Academic forgiveness

Virtually all universities now allow some form of “academic forgiveness,” allowing students to tinker with their grade point averages. While nearly everyone is familiar withimages-1

grade inflation, fewer know about grade-point-average distortion. This happens when institutions allow students to selectively omit poor grades from their GPAs, thus offering a new, manipulative path to greater retention and graduation rates, reports the Chronicle of Higher Education.  “We recently investigated academic policies in eight public institutions across a Southern state, and used this sample to explore how institutional rules play a role in inflating students’ GPAs by creating incentives that undermine students’ work ethic, weaken the comparative value of the GPA, and waste human capital.

“Common academic practices give students opportunities to withdraw from classes without grades, use simple pass/fail grades that don’t count in their GPAs, or repeat courses to replace old grades. What’s new is transferring control over these strategies to students, without much oversight. By selectively employing these registration policies, students are now empowered to overuse academic forgiveness and “manage” their recorded grade-point averages.

“Five percent of the seniors in the study used academic forgiveness policies for 25 to 50 percent of their entire college coursework. Predictably, as GPAs go down, more and more students use these strategies. Over two-thirds of seniors who were in that 5 percent had C-range grades. But overusing second chances is not limited to struggling students. We found that even a few graduating seniors with A-range GPAs used forgiveness policies to keep 20 to 35 percent of their coursework out of their GPAs. Continue reading “Academic forgiveness”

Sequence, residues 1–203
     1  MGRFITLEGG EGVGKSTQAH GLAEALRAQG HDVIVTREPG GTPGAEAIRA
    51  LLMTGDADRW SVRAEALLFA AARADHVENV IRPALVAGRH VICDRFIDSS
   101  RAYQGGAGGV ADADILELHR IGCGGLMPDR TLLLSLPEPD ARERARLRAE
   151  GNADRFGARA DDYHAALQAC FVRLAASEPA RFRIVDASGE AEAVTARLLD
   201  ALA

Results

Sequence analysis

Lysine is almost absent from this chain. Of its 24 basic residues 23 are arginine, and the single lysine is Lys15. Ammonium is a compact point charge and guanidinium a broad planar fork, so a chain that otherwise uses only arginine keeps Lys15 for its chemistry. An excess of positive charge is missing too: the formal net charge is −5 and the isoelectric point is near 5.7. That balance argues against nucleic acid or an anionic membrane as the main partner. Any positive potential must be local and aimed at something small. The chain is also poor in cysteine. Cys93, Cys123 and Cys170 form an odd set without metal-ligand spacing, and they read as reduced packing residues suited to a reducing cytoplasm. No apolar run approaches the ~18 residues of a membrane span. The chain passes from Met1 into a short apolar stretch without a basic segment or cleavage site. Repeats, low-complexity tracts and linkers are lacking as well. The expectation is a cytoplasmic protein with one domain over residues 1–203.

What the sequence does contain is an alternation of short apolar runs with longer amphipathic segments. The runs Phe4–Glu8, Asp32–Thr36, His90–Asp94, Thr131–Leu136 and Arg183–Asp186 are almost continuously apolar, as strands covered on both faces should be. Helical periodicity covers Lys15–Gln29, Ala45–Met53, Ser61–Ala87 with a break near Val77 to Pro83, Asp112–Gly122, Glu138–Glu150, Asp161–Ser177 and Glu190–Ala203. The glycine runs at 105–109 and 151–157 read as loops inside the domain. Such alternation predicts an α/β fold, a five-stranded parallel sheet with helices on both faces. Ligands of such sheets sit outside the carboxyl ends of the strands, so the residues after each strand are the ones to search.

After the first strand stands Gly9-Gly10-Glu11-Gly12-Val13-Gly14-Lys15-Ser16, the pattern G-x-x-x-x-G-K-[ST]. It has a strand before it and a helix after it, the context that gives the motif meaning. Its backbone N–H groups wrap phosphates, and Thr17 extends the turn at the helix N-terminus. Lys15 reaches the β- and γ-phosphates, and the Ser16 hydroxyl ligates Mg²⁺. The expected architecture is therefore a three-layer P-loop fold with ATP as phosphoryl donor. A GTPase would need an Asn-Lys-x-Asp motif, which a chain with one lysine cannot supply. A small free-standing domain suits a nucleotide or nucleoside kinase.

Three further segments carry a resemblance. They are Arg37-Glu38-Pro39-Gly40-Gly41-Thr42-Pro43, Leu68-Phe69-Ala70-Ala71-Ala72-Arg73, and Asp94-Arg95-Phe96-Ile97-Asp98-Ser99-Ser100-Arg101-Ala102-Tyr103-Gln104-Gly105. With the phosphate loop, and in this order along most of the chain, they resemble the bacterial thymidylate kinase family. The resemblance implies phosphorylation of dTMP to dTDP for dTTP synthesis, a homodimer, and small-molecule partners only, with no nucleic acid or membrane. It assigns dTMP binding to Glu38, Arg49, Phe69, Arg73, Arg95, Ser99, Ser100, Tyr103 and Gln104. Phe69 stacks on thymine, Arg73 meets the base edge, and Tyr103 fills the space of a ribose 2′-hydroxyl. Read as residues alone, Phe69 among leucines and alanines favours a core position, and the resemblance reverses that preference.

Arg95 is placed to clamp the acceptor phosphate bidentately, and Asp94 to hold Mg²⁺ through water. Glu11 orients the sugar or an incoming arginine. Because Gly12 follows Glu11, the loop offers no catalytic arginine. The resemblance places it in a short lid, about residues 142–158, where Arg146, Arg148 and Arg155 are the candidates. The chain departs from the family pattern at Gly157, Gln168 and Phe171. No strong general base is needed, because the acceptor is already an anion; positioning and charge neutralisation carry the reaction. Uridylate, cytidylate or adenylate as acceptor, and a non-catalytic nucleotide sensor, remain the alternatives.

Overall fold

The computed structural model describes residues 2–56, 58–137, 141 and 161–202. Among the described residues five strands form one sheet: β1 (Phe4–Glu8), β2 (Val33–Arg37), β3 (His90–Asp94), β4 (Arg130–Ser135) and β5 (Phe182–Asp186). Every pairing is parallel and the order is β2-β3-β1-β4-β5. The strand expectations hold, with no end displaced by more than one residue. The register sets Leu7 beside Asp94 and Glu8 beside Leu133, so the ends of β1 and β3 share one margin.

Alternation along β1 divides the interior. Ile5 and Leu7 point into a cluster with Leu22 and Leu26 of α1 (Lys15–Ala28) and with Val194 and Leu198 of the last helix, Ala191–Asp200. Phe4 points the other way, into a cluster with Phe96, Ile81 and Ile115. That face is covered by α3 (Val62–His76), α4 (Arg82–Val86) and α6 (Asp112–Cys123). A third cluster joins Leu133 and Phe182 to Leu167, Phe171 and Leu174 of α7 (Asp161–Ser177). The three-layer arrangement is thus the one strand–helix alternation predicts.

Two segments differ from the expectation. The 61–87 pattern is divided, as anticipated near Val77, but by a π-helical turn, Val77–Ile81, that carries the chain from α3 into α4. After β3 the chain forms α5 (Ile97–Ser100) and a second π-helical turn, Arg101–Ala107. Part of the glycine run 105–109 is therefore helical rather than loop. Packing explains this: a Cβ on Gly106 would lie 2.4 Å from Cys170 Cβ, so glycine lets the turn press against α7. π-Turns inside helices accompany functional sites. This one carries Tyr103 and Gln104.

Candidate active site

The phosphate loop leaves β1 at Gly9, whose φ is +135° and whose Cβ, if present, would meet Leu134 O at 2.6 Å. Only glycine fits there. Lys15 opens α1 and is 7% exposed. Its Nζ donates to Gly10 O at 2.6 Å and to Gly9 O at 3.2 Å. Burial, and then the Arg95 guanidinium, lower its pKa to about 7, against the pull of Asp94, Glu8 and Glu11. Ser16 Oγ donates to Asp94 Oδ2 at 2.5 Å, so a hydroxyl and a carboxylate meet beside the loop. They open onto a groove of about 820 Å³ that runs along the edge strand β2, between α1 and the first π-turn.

The question of collegiality

Collegiality can be a dirty word in higher education — particularly in regard to tenure or promotion, where it frequently becomes a catchall for likability and other subjective qualities that some faculty advocates say can be used to punish departmental dissenters. But two researchers are trying – through data-based definitions and metrics – to sanitize collegiality enough for it to be a viable, fourth criterion in personnel decisions, reports Inside Higher Education.imgres

“In academic departments, “what we want is productive dissent,” Robert Cipriano, professor emeritus and former chair of the department of recreation of leisure studies at Southern Connecticut State University, and author of Facilitating a Collegial Department in Higher Education: Strategies for Success, said during the American Association of University Professors’ annual meeting Thursday (where their push to formalize the role of collegiality in faculty employment decisions drew some skepticism from the assembled professors). “As passionate as the discussion is, it has to be respectful. You go to lunch and it’s over.” Cipriano and his colleague, Richard Riccardi, director of Southern Connecticut State’s Office of Management Information and Research, have conducted several studies and written numerous articles about how department chairs deal with their jobs, including difficult personalities. Some 83 percent of department chairs in their current, national study of 528 chairs reported having or having had an uncivil or non-collegial professor in their department; in another, earlier study of 451 chairs, 79 percent said they would be in favor of having collegiality as a criterion for tenure and promotion if there was an “objective, validated tool” for assessing collegial behavior.